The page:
Tuerlings has spoken to Cariboo Chilcotin MLA Donna Barnett about her concerns. Barnett told the Tribune that Tuerlings’ is the only individual she’s heard from with concerns over wait times for residential care.

“I haven’t had other people come knocking on my door,” she says. “I know once we get the 28 beds open at Deni House we’ll alleviate a lot of the problem that people have said is out there.”

The Liberal government, says Barnett, has focussed on providing more home care but also providing residential care beds throughout the province.

Barnett is not aware of plans to create more funded residential beds in Williams Lake.

Get local stories you won't find anywhere else right to your inbox.
Sign up here

Just Posted

This Dec. 2, 2020, file photo provided by Johnson & Johnson shows vials of the COVID-19 vaccine in the United States. (Johnson & Johnson via AP)
Interior Health notes 80 new COVID-19 cases over the weekend

108 people in the region have died from the virus

The Horsefly Community Hall will be the site of a mobile vaccine clinic March 19, 2021. (Angie Mindus photo - Williams Lake Tribune)
Six COVID-19 vaccine clinics to open in Cariboo Chilcotin

100 Mile, Alexis Creek, Big Lake, Horsefly, Williams Lake and Tatla Lake

A Williams Lake area family living on Knife Creek Road lost everything to a house fire on Wednesday, March 3. (Photo submitted)
House fire destroys rural family home south of Williams Lake

The Macdonalds built their home on Knife Creek Road about 30 years ago

A special committee has been appointed to look at reforming B.C.’s police act and is inviting the public to make submissions until April 30, 2021. (Black Press media file)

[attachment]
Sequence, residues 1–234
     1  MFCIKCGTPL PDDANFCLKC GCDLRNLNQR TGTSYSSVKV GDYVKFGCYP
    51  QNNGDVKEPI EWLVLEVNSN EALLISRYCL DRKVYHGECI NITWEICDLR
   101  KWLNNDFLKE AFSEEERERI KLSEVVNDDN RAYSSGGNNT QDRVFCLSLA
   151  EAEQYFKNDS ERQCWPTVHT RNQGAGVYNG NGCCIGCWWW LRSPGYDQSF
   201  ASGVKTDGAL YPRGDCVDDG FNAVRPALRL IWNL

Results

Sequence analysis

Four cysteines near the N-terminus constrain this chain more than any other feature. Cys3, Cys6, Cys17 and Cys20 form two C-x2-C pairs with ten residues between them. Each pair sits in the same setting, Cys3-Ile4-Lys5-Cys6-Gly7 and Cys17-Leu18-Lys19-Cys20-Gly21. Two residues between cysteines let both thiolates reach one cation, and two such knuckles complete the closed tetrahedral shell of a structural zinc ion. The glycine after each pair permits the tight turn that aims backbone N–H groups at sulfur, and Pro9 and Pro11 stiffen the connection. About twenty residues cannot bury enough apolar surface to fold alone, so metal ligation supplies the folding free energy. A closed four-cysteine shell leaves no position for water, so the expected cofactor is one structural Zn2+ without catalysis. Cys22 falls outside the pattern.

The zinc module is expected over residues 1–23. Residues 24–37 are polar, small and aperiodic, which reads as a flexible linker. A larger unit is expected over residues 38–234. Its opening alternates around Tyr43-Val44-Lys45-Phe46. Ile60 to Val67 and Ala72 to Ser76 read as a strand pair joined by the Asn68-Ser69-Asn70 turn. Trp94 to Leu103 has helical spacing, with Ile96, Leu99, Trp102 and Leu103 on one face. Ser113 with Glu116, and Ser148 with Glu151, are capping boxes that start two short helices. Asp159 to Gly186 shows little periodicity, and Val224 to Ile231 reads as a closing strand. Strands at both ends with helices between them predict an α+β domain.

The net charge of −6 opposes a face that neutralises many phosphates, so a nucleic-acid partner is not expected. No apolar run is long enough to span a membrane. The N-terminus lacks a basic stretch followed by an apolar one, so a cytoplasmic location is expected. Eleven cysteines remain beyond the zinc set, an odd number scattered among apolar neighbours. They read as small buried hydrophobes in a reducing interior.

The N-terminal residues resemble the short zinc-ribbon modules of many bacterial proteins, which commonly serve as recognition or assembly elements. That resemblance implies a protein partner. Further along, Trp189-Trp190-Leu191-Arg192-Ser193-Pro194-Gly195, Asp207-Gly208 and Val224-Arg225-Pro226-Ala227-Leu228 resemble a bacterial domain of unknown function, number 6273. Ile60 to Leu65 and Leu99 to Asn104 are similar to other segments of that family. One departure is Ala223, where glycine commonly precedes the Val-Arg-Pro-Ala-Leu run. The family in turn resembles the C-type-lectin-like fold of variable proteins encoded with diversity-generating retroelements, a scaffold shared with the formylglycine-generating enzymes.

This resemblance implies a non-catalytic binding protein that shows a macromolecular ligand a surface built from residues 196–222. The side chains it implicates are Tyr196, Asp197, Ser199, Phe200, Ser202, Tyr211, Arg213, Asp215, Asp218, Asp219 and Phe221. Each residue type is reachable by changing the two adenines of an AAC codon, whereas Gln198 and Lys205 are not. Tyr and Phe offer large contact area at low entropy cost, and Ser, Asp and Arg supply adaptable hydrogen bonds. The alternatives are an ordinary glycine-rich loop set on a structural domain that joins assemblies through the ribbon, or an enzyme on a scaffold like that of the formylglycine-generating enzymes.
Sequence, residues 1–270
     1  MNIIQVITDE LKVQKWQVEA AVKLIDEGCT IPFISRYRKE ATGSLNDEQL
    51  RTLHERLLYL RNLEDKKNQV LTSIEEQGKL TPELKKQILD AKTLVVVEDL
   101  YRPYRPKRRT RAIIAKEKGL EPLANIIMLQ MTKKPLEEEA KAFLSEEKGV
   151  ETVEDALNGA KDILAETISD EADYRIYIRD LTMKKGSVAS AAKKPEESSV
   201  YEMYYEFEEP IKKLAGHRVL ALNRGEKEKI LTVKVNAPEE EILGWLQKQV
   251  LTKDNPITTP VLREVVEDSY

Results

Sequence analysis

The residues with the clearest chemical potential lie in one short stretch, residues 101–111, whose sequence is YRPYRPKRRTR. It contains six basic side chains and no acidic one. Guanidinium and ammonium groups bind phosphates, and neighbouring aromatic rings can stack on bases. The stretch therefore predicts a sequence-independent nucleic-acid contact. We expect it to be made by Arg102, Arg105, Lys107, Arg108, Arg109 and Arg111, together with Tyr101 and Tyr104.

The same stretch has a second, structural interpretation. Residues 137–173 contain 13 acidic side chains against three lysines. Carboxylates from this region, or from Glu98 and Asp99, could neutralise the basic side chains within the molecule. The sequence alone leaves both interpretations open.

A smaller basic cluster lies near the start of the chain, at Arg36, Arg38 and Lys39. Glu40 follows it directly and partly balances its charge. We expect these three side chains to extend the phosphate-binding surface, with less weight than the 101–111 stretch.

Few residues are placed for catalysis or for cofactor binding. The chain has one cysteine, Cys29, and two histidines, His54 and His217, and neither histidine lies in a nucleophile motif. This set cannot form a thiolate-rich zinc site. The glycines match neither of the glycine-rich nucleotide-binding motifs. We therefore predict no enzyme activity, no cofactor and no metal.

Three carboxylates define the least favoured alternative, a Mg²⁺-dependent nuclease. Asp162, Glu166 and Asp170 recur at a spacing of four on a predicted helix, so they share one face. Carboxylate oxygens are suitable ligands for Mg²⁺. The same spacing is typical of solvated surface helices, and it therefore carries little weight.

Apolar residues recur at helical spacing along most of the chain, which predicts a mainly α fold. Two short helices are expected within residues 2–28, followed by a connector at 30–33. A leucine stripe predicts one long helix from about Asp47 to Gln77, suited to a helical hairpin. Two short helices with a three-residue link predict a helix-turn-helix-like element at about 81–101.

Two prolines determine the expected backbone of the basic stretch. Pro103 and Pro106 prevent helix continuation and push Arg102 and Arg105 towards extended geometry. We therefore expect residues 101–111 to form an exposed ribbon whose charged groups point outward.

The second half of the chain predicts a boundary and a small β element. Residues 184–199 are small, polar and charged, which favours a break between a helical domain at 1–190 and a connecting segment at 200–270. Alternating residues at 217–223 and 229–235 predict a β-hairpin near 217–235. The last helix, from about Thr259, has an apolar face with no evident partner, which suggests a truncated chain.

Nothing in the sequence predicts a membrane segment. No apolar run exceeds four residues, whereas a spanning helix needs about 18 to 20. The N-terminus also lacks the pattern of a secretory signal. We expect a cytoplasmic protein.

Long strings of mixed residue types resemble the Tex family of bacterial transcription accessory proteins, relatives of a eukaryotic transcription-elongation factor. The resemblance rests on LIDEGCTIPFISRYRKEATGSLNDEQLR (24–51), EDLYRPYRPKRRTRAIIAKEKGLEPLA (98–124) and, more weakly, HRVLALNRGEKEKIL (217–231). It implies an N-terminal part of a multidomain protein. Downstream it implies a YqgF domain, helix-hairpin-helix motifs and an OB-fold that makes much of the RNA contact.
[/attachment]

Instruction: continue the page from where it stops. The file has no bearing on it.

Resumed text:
Public input sought for B.C.’s police act review

Submissions will be accepted until April 30

A new daycare in Tl’etinqox (Anaham) will be located across the road from the Datsan Chugh building. (Tl’etinqox Government Facebook photo)
Daycare approved to be built at Tl’etinqox First Nation

“We’re excited,” said Chief Joe Alphonse

(The Canadian Press)
‘Worse than Sept. 11, SARS and financial crisis combined’: Tourism industry in crisis

Travel services saw the biggest drop in active businesses with 31 per cent fewer firms operating

Cannabis bought in British Columbia (Ashley Wadhwani/Black Press Media)
Is it time to start thinking about greener ways to package cannabis?

Packaging suppliers are still figuring eco-friendly and affordable packaging options that fit the mandates of Cannabis Regulations

Cottonwoods Care Home in Kelowna. (Google Maps)
New COVID-19 outbreak at Kelowna care home includes fully vaccinated seniors: Henry

Two staff and 10 residents tested positive at Cottonwoods Care Centre

Excerpts from a conversation between Bria Fisher and the fake truLOCAL job. Fisher had signed a job agreement and was prepared to start work for what she thought was truLOCAL before she learned it was a scam. (Contributed)
B.C. woman warning others after losing $3,000 in job scam

Bria Fisher was hired by what she thought was a Canadian company, only to be out thousands

Provincial health officer Dr. Bonnie Henry and Health Minister Adrian Dix provide a regular update on the COVID-19 situation, B.C. legislature, March 2, 2020. (B.C. government)
B.C.’s COVID-19 cases: 545 Saturday, 532 Sunday, 385 Monday

Focus on Prince Rupert, Lower Mainland large workplaces

Rising accident rates and payout costs have contributed to billion-dollar deficits at ICBC. (Comox Valley Record)
B.C. appealing decision keeping ICBC injury cases in court

David Eby vows to ‘clip wings’ of personal injury lawyers

(Black Press Media files)
Hosts charged, attendees facing COVID fines after Vancouver police bust party at condo

Police had previously received 10 complaints about that condo

Minister of Families, Children and Social Development Ahmed Hussen takes part in an update on the COVID pandemic during a press conference in Ottawa on Tuesday, Oct. 27, 2020. A joint federal and B.C. government housing program announced today aims to help people living in up to 25,000 vulnerable households pay their rent. THE CANADIAN PRESS/Sean Kilpatrick
Federal, B.C. governments announce $517-million rent aid program to help vulnerable

Benefits for those not eligible for B.C.’s Rental Assistance Program or Shelter Aid for Elderly Renters

Most Read